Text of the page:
Successful Church Planting Requires Both Passion and Planning

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Joseph Mattera
Joseph Mattera

My wife, Joyce, and I planted our local church 29 years ago, Jan. 29, 1984, in the Sunset Park section of Brooklyn, N.Y. We were not sent out with any money and had only a handful of people who volunteered to serve with us. The following is based on all the mistakes I have made as a church planter, and the lessons I wish someone had coached me through.

1. Be sent from your local church.
Unfortunately, many send themselves and just “went” instead of being “sent.” The Bible teaches us that we should not preach unless we are “sent” (see Romans 10:15).

I was sent out as an evangelist in 1980 by my pastor, and was paid a small stipend for three full years before I was sent to start our church. I had to prove myself by being faithful to our mother church and serve our mother church as a licensed minister.

Many ministers act more like Robert Duvall’s character in the movie “The Apostle,” than like the apostolic structure found in the book of Acts and the epistles of the New Testament, because they “anoint,” “appoint,” and “send” themselves out without any biblical or ecclesial authority behind them!

I realize there are sometimes extenuating circumstances that may mitigate against a person receiving the blessing of a local church in order to start a work (e.g. Martin Luther and the Reformation, John Calvin, those saved and called by God in nations where the gospel is not yet established with strong local churches, or those who sit under pastors who are control freaks who will not send anyone out).

I know of many people who just “went” and were never sent from their mother church—many even causing church splits—but I have yet to see any of these works have long-term success, since the foundation of these works started in such a way that they could not set precedent for loyalty and submission to spiritual authority in their new churches. Those who have started the wrong way have to go back to their former pastor and/or local church and repent, asking them for forgiveness and to release them and pray for them so that the curse of disobedience can be broken.

2. Have a strong church-planting team.
Jesus sent people out two-by-two, never alone. There was a reason for this. We need the prayers and support of fellow laborers when planting a church, which some believe is perhaps the single most difficult and stressful job in the world! The best thing is to strategically plan to have your church planting team—at the very least—include:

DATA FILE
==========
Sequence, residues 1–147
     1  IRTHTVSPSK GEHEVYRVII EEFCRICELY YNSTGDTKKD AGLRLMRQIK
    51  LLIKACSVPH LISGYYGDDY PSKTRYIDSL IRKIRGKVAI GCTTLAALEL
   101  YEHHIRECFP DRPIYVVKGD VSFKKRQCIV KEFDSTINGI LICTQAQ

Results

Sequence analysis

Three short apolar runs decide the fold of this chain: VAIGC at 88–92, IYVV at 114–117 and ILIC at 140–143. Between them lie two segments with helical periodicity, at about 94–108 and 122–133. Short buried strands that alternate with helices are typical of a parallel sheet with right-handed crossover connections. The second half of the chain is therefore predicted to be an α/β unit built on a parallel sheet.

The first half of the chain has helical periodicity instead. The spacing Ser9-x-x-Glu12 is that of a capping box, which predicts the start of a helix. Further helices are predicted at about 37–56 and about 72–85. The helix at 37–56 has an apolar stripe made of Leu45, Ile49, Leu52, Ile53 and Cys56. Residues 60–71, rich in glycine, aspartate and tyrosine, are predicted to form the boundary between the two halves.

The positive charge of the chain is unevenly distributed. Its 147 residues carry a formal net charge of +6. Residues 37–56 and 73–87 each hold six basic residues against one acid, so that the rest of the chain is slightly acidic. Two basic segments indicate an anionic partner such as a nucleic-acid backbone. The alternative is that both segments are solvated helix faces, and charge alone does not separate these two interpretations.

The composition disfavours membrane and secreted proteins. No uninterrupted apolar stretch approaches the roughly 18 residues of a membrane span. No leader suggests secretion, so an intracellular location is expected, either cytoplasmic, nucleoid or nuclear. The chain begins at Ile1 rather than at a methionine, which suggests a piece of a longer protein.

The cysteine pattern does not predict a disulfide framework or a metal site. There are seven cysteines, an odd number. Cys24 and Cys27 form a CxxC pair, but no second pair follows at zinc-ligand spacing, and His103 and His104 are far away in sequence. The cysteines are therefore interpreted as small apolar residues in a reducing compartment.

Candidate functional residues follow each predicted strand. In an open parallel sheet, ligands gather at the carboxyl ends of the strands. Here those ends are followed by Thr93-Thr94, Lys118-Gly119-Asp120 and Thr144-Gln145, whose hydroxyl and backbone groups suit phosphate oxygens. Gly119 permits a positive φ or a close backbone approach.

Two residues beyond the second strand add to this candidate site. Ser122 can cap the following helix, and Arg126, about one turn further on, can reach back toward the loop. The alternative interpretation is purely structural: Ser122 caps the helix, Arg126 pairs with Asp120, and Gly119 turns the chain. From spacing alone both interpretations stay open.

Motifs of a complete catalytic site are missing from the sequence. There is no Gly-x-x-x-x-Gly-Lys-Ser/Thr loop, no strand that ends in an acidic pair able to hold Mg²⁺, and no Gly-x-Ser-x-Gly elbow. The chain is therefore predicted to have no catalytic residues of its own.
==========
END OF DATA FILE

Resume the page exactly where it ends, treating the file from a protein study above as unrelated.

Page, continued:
• An administrator;
  • A bookkeeper working with a CPA;
  • A worship leader;
  • Adequate legal counsel to help set up your corporate papers, board and minutes;
  • The senior leader who will lead the work.

Many are the church planters who go out by themselves, with only enthusiasm and passion as their resources for success, often resulting in unnecessary strains on their marriages and families because they have to be all things to all people, while doing all the administrative work necessary to sustain organizational flow.

3. Have a financial base of support.
Many church planters go out without raising support and without a financial plan. Although God has called many into the mission field without any money up front, that is the exception, not the general rule. I believe a church planter should spend at least one year raising financial support from their friends, family, local church, and even perhaps extracting and saving offerings for one year prior to the church launch from those called to be part of the church planting team. (This financial commitment will also help the team have more ownership and commitment to the process.) New senior pastors  depending week-to-week on tithes and offerings with less than 30 committed tithing families will have a very difficult time focusing on the new church because of the concerns they will have providing for their families. Marriages and families can split apart because of pressures such as these.

4. Search out and know the community.
A church planter should do a demographic search of the community, know its history, key locations and personally meet senior leaders who run organizations that provide neighborhood support systems, like hospitals, police stations, youth empowerment programs, job training centers, community boards, the Chamber of Commerce, etc. They should also have a target audience (specific age group, culture, religious and ethnic background) that will thus frame their methodological approach to ministry.

For example, when Jesus sent His leaders out to preach, He expressly told them not to preach to any but those of the lost sheep of the house of Israel; He had his demographic target and did not operate by happenstance (see Matt. 10:5-6). My theological mentor, Ray Bakke, always tells his students that they need to exegete their communities, not just Scripture.

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